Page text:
RX100: Confusion about video formats & compression

Started Mar 25, 2013 | Discussions thread
zoranT
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Re: RX100: Confusion about video formats & compression
In reply to Stephen McDonald, Mar 27, 2013

Stephen McDonald wrote:

zoranT wrote:

You guys should read the first post after this link:

http://www.eoshd.com/comments/topic/1955-sony-rx100-getting-the-best-video-out-of-it/

It includes impressive samples that explain a lot about RX100 video optimization. And it appears that the RX100 does record in 25p/30p and only wraps it into 50i/60i.

But still it does not help, since each time you have to open it in an NLE to watch the videos. Why they need interlacing is beyond me - it s a thing from TV's past...

The discussion seems to have shifted to the processes and problems of displaying video. But the important issue is really how the video was shot. With 60p scanning and recording, there is only half as much time between frames, so skew, juddering and other motion-related artifacts don't develop into what can be perceived. Even if the video is converted to 60i or 30p later, if it was shot in 60p, most, if not all of the artifacts are not visible in playback. This is based on what I have observed with my own videos, not on anything that is outdated and theoretical.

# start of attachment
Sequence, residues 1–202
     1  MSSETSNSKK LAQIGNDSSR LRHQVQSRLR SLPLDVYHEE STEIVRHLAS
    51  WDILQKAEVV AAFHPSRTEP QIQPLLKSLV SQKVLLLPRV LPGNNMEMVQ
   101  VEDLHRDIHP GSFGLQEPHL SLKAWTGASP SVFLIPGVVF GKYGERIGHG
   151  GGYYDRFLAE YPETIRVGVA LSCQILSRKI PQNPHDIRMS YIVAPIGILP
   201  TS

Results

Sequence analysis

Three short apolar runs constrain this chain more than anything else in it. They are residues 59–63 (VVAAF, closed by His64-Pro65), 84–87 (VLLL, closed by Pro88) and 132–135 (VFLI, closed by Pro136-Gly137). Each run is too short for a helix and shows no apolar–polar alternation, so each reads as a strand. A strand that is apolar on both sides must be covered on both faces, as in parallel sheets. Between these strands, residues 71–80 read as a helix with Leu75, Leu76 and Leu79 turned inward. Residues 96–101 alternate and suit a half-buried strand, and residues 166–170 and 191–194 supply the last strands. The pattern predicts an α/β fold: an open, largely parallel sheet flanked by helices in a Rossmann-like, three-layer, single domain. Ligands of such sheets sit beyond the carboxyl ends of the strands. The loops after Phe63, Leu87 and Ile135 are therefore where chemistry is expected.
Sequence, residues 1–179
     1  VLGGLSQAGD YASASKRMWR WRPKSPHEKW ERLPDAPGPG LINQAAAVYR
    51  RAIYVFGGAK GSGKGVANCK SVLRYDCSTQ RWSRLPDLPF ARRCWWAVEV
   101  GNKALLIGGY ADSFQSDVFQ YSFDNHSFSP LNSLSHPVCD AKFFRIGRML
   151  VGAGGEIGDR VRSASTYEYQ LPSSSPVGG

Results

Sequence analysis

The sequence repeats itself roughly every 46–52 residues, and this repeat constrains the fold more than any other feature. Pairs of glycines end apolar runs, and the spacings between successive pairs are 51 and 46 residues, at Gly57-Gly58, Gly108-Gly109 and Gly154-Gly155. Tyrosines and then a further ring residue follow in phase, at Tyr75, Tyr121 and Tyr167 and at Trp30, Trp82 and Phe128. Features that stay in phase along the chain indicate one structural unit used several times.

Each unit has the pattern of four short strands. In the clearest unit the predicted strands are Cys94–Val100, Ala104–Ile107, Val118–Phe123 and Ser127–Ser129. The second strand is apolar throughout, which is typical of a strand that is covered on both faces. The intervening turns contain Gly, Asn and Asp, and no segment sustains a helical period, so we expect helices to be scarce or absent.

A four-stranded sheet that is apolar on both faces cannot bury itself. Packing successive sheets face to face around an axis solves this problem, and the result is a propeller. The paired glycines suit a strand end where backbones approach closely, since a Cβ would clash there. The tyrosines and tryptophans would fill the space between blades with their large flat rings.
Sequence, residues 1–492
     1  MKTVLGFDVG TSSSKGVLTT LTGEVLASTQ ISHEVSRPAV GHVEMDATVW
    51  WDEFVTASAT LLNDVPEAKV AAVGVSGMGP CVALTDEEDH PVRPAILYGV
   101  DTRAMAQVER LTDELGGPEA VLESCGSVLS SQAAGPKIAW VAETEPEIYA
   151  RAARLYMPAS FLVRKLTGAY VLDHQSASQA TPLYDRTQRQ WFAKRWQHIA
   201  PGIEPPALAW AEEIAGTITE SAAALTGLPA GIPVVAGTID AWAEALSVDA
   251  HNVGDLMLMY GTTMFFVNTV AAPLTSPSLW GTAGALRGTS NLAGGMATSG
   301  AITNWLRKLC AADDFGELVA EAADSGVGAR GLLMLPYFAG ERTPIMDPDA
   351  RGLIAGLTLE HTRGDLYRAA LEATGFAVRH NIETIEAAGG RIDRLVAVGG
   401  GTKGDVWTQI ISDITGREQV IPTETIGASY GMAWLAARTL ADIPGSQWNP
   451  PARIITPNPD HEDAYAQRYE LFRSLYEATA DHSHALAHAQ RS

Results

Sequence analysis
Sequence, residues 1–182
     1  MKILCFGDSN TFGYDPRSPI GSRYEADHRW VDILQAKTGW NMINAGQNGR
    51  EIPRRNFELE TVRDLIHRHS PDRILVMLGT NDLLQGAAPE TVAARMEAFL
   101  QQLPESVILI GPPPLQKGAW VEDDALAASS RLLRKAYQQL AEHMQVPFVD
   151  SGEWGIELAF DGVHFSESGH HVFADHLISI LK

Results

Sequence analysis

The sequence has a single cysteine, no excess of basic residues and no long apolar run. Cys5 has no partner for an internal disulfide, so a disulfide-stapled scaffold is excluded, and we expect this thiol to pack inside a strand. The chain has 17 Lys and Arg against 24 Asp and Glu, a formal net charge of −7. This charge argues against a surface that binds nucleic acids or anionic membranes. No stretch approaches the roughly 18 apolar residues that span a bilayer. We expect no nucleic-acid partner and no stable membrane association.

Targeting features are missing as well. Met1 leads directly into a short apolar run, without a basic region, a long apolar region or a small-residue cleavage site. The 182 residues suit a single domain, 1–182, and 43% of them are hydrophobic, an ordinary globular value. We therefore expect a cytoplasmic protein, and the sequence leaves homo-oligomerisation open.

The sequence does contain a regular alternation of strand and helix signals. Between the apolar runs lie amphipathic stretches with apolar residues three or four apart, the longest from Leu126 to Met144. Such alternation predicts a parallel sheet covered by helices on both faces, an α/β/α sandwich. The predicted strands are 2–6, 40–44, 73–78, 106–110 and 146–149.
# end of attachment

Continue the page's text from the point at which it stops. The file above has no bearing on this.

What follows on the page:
Don't overlook that twice as many pixels and frames are detected, processed and recorded with 60p. Anything that converts 30p or 60i into 60p in processing, is doing it with interpolation, doubled lines or frames. Video shot in 60p consists of all-real frames, always a better way of doing it, if the equipment, CoDec and bit-rate is adequate. Why would anyone want to spend money on an expensive system and use a time-consuming process to produce 60p from a lower frame-rate, when it can be shot in a very workable form, by certain new camera models?

The link above was more about how to get the most 'cinematic' settings with the RX100, and this is why it contemplated about grading the video image in post-processing or using 30p instead of 60p. In PAL you can have 25p, which is close to movie-loving ideal of 24p. 60p does look smooth but also very 'technological' in some respect - this is another discussion that involves taste etc.

It is also interesting to learn that with 50i (=25p) you get the best video-image quality per frame, since each frame is less compressed than in 50p (resp. 60p).

But since interlaced storage creates more workload it makes sense to contemplate about whether it is worth or not.

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